But health experts cautioned that there’s no guarantee the numbers will continue to fall, as chillier October weather begins to usher outdoor activities indoors.

Taison Bell, an assistant professor of medicine specializing in infectious diseases and critical care at the University of Virginia in Charlottesville, said the greater Washington region is “in a bit of a steady state” in its number of reported coronavirus cases. The region’s caseload had held steady for several weeks before starting to tick downward about 10 days ago.

He also cautioned that the arrival of cooler weather could increase the spread of the virus as people increasingly decide to congregate indoors.

Neil J. Sehgal, an assistant professor of health policy and management at the University of Maryland School of Public Health, urged residents to consider the pandemic as they make plans for the holidays. They should remember that this is “not the normal holiday season,” he said.

Sehgal said progress in some jurisdictions while battling the virus has started to slow, singling out Prince George’s County, where outbreaks have been reported at the University of Maryland. He said other college towns in the region, including Virginia’s Blacksburg and Charlottesville, also have seen caseloads rise as students go back to school.

“We haven’t controlled transmissions,” Sehgal said. “We’re still riding our first wave of the outbreak. We saw a summer dip, but we never stamped it out. There are still chains of transmission in the community.”

Short of a vaccine, Sehgal said, recent days are probably “as safe as it’s going to be” in terms of a lowered number of cases in the Washington region, also noting the likelihood of increased spread as the weather turns colder.

Still, D.C., Maryland and Virginia have made progress in battling the virus in recent days.

The seven-day rolling average of new cases in Washington’s Northern Virginia suburbs stood at 190 on Wednesday, with the region this week notching its lowest average caseloads since early August. Statewide, the number of new daily cases is the lowest since mid-July.

In D.C., the seven-day average dropped to 39 on Wednesday, the lowest in the city since early July.

Maryland’s seven-day average stood at 490 on Wednesday, up slightly in recent days but about half the number of daily cases as early August. Caseloads have held mostly steady in Montgomery and Prince George’s counties in recent weeks.

Montgomery County officials said Wednesday that they are continuing to accumulate supplies in preparation for a possible increase in coronavirus cases this fall or winter.

“We are in a lot better position than we were in the spring,” County Executive Marc Elrich (D) said at a news conference. “We made a decision in the beginning that we would accumulate enough supplies for a second surge.”

Among the supplies are 50 new ventilators that arrived this summer, officials said.

The seven-day rolling average of new cases in the county stood at 83 on Wednesday, with a test positivity rate of 2.6 percent. County health officer Travis Gayles

Nursing Home Inspectors In The D.C. Region Aren’t Required To Take COVID-19 Tests : NPR

Staff and vendors in nursing homes have to get regular COVID-19 tests. State nursing home inspectors don’t.

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Maryland, D.C. and Virginia are not mandating COVID-19 tests for the inspectors examining conditions in local nursing homes, public health spokespeople from all three jurisdictions confirmed. The lack of testing for the inspectors, nursing home leaders say, stands in contrast to state and federal testing requirements for nearly anyone entering a nursing home these days.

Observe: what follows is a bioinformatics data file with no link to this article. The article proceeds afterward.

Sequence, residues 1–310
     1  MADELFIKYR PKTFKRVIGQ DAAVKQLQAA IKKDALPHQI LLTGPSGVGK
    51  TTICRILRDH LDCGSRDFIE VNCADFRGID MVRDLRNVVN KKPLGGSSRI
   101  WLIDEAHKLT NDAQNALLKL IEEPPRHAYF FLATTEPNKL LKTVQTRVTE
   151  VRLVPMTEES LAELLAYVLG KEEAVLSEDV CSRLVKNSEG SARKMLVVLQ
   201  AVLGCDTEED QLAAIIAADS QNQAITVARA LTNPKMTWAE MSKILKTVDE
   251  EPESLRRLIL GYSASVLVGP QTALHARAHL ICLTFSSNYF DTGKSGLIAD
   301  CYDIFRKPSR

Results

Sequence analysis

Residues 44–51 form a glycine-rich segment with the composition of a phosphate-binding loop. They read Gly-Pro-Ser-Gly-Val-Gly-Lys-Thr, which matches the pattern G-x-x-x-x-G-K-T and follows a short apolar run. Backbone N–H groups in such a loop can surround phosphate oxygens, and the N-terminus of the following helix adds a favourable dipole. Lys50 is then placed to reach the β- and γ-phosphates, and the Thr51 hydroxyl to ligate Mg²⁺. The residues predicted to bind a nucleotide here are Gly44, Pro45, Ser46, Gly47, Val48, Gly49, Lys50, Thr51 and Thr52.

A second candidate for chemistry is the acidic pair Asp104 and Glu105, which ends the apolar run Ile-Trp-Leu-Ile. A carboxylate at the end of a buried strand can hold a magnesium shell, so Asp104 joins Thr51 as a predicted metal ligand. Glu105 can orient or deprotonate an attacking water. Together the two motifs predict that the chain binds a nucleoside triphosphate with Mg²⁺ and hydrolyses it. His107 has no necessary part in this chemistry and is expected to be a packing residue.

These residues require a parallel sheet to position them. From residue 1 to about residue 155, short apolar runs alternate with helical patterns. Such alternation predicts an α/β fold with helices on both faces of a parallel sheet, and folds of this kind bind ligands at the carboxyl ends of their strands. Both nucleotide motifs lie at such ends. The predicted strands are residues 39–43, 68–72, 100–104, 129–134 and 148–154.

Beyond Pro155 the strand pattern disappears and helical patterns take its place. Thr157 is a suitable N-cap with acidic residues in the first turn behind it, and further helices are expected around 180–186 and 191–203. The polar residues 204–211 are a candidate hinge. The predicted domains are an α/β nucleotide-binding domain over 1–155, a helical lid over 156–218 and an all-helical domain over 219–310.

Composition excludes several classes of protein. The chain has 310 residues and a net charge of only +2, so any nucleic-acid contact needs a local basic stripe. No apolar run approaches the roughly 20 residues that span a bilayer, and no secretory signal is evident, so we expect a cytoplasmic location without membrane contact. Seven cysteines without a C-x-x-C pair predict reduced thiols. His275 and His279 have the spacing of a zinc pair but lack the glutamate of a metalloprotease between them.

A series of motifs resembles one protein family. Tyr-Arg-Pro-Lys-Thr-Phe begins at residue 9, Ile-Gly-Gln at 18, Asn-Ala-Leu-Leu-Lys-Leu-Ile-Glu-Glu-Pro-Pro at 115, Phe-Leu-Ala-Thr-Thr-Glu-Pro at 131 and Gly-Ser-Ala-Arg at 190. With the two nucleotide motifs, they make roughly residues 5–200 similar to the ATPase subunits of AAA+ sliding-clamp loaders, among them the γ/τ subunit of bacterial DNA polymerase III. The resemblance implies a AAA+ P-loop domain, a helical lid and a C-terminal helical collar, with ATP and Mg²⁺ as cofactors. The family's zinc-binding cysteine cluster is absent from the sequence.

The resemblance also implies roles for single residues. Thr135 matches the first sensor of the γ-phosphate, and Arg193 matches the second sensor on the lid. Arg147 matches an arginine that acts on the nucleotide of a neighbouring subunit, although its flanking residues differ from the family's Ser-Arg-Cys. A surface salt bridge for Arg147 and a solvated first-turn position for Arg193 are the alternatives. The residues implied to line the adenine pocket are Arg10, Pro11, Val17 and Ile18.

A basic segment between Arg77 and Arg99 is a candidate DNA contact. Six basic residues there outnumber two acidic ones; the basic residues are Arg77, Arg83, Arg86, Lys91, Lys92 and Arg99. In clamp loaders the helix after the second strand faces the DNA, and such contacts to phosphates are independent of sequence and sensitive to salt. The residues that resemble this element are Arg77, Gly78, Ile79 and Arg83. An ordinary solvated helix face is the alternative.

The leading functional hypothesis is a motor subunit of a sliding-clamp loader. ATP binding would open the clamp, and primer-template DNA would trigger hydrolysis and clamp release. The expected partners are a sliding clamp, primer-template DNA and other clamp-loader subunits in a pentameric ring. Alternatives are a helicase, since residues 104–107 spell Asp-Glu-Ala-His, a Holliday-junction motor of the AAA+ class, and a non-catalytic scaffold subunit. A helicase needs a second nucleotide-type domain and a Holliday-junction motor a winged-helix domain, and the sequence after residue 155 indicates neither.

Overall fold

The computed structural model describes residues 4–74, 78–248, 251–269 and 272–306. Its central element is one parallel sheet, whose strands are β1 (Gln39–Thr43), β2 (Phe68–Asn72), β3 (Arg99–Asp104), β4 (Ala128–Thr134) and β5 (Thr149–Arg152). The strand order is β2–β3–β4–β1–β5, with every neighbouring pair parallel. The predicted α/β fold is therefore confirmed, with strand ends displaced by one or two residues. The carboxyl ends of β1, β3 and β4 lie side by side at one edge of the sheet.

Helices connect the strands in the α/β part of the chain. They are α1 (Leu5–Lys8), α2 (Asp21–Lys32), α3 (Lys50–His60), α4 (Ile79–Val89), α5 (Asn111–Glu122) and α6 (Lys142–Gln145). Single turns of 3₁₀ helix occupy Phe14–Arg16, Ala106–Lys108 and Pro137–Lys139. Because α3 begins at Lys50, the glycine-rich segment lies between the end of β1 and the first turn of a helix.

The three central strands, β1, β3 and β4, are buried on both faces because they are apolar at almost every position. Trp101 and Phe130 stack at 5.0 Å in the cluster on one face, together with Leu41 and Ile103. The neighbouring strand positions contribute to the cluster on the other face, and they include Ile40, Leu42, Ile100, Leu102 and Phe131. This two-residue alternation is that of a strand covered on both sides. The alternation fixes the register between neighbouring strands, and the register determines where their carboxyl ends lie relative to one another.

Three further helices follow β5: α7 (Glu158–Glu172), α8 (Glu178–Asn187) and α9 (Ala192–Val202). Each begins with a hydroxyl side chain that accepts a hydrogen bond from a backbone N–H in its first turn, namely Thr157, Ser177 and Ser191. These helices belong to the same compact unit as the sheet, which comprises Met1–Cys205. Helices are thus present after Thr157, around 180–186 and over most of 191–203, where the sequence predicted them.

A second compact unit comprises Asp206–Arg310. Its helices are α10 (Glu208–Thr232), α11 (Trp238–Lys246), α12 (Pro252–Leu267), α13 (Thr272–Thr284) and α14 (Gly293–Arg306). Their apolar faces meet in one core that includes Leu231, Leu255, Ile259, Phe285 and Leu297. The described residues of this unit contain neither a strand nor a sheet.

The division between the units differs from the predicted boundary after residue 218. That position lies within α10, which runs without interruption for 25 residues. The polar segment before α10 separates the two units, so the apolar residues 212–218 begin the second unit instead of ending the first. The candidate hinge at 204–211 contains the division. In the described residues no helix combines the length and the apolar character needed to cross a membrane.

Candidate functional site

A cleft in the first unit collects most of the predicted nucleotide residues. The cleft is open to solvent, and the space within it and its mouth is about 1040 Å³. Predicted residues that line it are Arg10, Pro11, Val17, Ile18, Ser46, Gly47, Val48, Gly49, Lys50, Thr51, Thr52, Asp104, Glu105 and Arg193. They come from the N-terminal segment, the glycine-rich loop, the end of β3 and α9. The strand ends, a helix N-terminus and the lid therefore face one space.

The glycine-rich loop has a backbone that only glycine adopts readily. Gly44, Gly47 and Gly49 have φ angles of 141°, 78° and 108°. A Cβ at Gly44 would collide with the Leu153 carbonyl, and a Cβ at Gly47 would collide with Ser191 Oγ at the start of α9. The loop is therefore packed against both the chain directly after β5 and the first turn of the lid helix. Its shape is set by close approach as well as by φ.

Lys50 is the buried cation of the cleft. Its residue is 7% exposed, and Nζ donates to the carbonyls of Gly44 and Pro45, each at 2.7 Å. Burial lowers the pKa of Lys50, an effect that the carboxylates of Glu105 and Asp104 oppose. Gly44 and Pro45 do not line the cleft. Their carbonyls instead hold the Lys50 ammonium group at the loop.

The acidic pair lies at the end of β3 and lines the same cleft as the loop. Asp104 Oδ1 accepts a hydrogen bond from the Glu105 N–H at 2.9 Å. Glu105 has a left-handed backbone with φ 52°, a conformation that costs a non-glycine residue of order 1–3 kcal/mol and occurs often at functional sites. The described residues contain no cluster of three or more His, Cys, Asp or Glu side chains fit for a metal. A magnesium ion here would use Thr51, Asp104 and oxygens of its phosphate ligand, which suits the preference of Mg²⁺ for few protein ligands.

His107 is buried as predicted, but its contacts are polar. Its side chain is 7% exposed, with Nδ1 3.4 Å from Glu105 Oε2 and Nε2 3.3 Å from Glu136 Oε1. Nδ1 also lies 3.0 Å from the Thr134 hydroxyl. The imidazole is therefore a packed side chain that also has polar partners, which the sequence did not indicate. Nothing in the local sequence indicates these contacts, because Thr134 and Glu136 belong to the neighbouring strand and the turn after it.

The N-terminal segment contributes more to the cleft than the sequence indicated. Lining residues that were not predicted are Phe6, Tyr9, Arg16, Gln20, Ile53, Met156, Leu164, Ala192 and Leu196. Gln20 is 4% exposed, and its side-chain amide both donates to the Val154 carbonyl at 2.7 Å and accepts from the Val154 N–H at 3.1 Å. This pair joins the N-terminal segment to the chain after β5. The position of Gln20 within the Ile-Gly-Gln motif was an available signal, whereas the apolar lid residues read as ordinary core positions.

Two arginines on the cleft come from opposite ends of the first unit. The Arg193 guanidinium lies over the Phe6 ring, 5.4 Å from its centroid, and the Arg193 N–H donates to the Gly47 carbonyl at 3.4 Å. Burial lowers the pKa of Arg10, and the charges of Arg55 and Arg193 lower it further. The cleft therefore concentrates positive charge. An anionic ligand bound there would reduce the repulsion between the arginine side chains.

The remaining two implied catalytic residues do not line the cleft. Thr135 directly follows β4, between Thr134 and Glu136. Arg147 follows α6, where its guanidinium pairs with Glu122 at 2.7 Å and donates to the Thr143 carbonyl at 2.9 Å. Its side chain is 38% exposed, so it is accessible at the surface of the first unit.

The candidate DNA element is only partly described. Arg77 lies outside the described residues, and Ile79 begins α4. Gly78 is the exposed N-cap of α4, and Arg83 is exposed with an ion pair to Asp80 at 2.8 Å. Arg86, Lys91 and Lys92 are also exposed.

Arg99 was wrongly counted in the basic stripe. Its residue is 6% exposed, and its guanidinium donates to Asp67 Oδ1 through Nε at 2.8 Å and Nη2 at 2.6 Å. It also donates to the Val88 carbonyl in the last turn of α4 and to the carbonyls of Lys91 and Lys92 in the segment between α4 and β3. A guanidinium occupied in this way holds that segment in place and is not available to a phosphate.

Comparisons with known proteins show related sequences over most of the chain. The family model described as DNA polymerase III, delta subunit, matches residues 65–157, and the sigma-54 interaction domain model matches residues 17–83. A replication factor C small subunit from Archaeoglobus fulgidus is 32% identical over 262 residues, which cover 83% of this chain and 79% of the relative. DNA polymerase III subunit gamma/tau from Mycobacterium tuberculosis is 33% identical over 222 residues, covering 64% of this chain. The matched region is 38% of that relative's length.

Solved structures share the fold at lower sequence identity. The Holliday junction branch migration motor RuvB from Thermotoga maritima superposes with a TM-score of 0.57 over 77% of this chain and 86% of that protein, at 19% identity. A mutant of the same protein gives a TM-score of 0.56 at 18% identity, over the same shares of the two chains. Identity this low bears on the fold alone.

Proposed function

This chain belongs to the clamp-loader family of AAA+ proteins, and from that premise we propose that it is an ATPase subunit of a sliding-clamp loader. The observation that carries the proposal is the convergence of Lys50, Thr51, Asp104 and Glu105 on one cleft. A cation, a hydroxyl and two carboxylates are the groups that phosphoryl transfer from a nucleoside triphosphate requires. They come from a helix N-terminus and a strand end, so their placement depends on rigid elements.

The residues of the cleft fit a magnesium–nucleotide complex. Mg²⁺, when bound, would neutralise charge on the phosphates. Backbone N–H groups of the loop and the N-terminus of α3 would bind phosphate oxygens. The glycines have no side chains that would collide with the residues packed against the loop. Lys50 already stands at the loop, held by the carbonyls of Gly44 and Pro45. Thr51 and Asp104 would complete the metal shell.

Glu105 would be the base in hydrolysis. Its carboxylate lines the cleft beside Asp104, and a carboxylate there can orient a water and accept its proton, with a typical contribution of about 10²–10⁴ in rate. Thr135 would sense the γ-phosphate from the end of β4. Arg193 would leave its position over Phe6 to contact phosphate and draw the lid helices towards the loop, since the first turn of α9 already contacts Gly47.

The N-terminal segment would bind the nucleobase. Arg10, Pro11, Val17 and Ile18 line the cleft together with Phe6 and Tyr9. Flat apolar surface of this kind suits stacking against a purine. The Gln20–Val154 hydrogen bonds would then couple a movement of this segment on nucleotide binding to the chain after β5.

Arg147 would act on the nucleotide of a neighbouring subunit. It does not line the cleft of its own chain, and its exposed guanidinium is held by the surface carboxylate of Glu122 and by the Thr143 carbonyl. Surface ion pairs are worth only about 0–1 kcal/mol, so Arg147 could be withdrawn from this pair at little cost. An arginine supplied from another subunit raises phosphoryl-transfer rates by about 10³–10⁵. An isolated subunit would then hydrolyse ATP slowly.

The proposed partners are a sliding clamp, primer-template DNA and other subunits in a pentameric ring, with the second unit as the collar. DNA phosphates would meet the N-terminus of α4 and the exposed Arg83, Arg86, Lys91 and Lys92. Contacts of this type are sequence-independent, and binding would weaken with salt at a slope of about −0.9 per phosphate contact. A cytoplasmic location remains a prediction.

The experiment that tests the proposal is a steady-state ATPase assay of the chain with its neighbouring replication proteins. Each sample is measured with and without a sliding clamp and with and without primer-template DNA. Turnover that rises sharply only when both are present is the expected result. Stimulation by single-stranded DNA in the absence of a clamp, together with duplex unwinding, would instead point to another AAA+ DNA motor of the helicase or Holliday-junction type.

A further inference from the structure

For the past several months, inspectors were focused on completing federally mandated infection control surveys to evaluate long term care facilities’ responses to the coronavirus pandemic. Some of the inspectors’ findings have resulted in citations and fines for nursing homes found to have inadequate screening, social distancing or sanitizing practices.

Nursing home leaders are worried that inspectors are entering facilities without knowing their COVID-19 status, said Allison Ciborowski, the president of LeadingAge Maryland, a long-term care industry group.

The inspectors work on behalf of the federal government’s Centers for Medicare and Medicaid Services but are employed by state jurisdictions. Ciborowski said CMS hasn’t required or recommended that inspectors be tested. Maryland, Virginia and the District have chosen to follow that lead.

“It’s a concern for our members just because they are really trying to carefully track the spread of the virus,” she told WAMU/DCist. “It seems strange that the agency that is citing nursing homes if they’re not appropriately testing staff is not testing the surveyors that are going in to fight those kinds of things.”

Inspectors may not be required to undergo coronavirus testing, but almost everyone else going in and out of nursing homes is. CMS and state governments regulate how frequently long-term care facilities should be testing staff, residents and regular outside visitors. For much of the summer, CMS required nursing home staff to be tested for COVID-19 every week (in Maryland, weekly testing is still the case).

When inspectors enter facilities, they are expected to comply with temperature checks, answer screening questions, and wear masks, gloves and gowns. Once inside, they walk around the facility, but do not enter sick resident rooms.

Last month, CMS revised its testing guidance, tying the frequency of staff testing to the positivity rate of the county where the nursing home is located. The definition of who counts as staff is still broad: it includes “employees, consultants, contractors, volunteers and caregivers who provide care and services to residents on behalf of the facility, and students in the facility’s nurse aide training programs or from affiliated academic institutions,” according to the guidance.

Missing from that long cast of characters: inspectors. And while fewer than half of all states are requiring inspectors to get tested despite the omission in CMS guidelines, Maryland, Virginia and D.C. are not.

Spokespeople for the Maryland Department of Health, Virginia Department of Health and D.C. Health pointed to a number of reasons for not requiring tests. Virginia Department of Health spokeswoman Tammie Smith emailed the following